10/31 | Where to Donate Fabric

If you’re anything like we are, you have a lot of unused fabric in your sewing stash. It might be leftover from a project you made or maybe it was something you bought and never used. No matter how you ended up with all of that fabric, if you’re trying to declutter, you might be wondering where to donate fabric.

After all, it makes it easier to channel Marie Kondo and get rid of the excess fabric if you know it’s going someplace where it will be loved and used. If you’ve got fabric that is still usable, don’t just throw it away! There are plenty of places who will happily accept your fabric donations. These can be used in so many different ways to help out others. You can cut down on your own clutter and feel good about it too!

Here are some ideas of where to donate fabric:

Project Linus:

Project Linus makes quilts and blankets to children in need. You can contact them directly or look on their website for a local chapter who might want your fabric donation.

Schools, daycare centers, and preschools:

Schools of all kinds often love to receive fabric, whether it’s larger pieces or small scraps. It’s great for adding to their craft centers so kids can add them to art projects or simply for practicing cutting skills. High schools and colleges would love the bigger pieces to use in their drama or sewing classes.

Animal shelters:

Many local animal shelters will have a team of volunteers who make kennel liners, blankets, beds, and bandannas for the animals living at the shelter. Some will also make similar items to sell during the holidays to raise money for the shelters too.

Days for Girls:

Days for Girls sews feminine hygiene pad kits for girls in need. Without these, the girls often spent several days each month unable to go anywhere. They had to miss school and sometimes were even forgotten about, going unfed during that time! These kits give them freedom. Check with them to see about connecting with local volunteers so you can donate your fabric.

Churches and Scout groups:

Service organizations may be able to use fabric donations too! There are several churches in our town who create prayer quilts as well as other service projects using fabric. Scout groups may want to sew items to learn practical skills for earning badges as well as to donate to hospitals and other organizations.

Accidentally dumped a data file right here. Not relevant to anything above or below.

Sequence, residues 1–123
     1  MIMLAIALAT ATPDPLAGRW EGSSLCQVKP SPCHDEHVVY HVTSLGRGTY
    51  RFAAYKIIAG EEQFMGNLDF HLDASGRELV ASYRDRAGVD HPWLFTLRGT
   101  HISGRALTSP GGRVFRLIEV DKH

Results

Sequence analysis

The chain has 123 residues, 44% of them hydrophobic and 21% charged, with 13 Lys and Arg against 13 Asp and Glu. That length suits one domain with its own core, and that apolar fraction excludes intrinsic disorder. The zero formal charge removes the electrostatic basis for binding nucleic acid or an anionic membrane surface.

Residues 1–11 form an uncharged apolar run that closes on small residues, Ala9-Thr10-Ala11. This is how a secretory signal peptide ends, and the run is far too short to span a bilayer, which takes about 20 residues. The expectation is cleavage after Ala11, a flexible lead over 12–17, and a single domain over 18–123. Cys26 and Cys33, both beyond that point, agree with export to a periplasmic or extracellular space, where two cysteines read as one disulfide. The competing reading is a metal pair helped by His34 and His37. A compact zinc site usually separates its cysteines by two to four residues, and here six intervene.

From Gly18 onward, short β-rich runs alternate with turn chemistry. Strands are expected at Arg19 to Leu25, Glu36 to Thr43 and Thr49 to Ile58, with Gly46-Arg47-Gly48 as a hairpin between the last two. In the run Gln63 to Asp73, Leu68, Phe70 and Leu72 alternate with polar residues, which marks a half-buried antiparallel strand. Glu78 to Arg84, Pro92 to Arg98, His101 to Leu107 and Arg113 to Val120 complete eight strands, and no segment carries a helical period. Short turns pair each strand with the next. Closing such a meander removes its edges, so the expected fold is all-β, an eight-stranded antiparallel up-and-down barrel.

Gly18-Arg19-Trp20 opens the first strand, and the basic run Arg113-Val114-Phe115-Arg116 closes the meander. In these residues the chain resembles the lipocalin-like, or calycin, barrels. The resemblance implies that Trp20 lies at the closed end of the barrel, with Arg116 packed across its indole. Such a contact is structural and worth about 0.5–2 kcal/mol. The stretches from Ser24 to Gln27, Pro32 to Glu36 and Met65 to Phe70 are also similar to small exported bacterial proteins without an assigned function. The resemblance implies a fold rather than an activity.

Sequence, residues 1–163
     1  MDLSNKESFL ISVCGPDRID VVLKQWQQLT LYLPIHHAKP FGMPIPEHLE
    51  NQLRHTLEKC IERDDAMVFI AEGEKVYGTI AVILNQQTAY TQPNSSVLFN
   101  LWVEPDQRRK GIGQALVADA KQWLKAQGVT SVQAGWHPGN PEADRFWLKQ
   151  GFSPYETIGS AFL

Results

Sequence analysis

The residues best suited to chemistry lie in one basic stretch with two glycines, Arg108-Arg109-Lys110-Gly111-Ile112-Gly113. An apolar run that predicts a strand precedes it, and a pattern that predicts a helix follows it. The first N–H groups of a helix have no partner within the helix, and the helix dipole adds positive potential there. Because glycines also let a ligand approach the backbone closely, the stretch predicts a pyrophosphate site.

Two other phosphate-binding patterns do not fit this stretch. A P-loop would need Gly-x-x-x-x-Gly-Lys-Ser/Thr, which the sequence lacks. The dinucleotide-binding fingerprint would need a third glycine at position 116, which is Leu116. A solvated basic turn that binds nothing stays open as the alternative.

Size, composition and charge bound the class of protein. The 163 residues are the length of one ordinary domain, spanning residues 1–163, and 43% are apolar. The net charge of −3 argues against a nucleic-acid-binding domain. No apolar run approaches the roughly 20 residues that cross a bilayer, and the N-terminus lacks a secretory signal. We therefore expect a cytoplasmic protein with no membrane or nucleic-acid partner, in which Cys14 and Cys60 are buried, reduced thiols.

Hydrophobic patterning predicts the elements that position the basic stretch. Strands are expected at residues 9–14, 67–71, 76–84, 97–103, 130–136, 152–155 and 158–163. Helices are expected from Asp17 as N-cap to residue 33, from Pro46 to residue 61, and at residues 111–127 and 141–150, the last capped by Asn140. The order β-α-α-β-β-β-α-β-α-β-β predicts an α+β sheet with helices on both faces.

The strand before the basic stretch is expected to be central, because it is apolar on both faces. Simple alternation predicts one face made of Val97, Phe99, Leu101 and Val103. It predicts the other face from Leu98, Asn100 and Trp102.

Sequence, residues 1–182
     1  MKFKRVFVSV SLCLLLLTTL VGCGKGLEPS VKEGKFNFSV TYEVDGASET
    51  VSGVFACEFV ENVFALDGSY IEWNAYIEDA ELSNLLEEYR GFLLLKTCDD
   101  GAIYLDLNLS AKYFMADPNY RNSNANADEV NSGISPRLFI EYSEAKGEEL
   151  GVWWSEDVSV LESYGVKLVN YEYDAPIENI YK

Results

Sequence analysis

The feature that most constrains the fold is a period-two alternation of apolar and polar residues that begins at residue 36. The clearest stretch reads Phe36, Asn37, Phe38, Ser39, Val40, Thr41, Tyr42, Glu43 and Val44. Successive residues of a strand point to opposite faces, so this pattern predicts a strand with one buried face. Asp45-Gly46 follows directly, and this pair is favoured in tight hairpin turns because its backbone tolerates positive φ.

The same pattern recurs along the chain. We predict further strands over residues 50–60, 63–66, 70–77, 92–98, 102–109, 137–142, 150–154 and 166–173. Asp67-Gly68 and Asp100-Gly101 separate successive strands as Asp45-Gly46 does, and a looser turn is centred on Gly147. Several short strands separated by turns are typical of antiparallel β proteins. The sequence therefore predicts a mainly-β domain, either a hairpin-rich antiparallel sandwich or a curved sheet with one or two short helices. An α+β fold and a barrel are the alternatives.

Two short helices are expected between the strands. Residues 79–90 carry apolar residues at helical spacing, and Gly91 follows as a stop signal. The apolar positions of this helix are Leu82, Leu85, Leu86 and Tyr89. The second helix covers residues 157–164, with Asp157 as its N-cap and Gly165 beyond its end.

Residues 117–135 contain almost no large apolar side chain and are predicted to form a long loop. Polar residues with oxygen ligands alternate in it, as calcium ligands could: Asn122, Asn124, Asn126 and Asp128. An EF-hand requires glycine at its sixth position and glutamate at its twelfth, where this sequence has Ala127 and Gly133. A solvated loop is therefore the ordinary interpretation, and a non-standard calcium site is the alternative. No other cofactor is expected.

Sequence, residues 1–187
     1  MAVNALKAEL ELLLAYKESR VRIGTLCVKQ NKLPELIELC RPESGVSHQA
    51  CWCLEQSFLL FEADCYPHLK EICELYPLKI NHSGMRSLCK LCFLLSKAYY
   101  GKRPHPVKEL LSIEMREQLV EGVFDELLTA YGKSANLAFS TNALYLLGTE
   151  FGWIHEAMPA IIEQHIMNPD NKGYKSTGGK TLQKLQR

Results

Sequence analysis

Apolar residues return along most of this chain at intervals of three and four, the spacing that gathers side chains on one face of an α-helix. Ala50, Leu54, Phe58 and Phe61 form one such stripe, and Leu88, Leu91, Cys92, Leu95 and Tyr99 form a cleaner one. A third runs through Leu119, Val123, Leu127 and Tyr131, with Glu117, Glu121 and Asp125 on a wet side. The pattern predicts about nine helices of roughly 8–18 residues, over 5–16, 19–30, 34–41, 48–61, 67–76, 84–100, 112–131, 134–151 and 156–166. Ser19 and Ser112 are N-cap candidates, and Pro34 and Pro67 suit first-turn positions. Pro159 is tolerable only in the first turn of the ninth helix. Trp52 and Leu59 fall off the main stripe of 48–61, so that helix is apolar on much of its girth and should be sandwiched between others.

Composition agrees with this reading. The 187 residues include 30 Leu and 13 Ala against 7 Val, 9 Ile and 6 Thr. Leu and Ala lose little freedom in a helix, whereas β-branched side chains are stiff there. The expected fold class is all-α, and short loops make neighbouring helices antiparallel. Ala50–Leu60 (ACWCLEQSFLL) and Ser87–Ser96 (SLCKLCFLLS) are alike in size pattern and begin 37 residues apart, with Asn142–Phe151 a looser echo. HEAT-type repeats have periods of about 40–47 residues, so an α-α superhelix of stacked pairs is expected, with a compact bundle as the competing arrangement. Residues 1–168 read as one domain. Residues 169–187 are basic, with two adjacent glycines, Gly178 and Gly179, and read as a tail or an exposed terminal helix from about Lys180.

Senior Centers/Nursing Homes:

These centers often have quilting circles and other sewing programs for their participants. A donation of fabric can help keep these programs going and provide some much-needed leisure activities for the residents.

Serving with Smiles:

Serving with Smiles is a kid-powered non-profit organization. These kids help other kids in a variety of ways and your donation of fabric can be used to create blankets, clothing, and other needed items.


Some prisons also have sewing and quilting classes available for the inmates and would be very grateful to receive a donation of fabric.

Little Dresses for Africa:

Little Dresses for Africa makes pillowcase (or other simple dresses using fabric) for young girls. Their mission is to plant in the hearts of little girls that they are worthy by providing them with such a gift. They accept dresses and fabric for making dresses.

Charity thrift stores:

If you have larger pieces of fabric, thrift stores selling items to raise money for charity will be happy to take them. You could make a sewist on limited funds very happy!

Children’s museums and libraries:

Museums and libraries often have arts and crafts programs for their participants. Larger pieces of fabric might also be incorporated into displays to add a pop of color!

Scraps for the birds:

If you only have tiny scraps left (too small to donate), get your kids to tie them to tree branches for birds to use as nesting materials.

Quilts of valor:

The Quilts of Valor program makes quilts for service members and veterans touched by war. Note that they only accept donations of quality 100% cotton quilting weight fabric that is like new. Most recipients will choose a patriotic quilt made with red, white, and blue fabric over any other given the chance.   

Care Wear:

Care Wear is a nationwide group of volunteers who knit, crochet, and sew handmade items for hospitals and social service agencies. They may be able to connect you with local volunteers who could use your fabric donation.

Ask around:

Post your fabric donation on social media and you might just find a taker for it! You could make another sewist very happy or you might find out about other local organizations in need of a donation.

With so many great options for where to donate fabric, don’t you feel better about decluttering your sewing stash?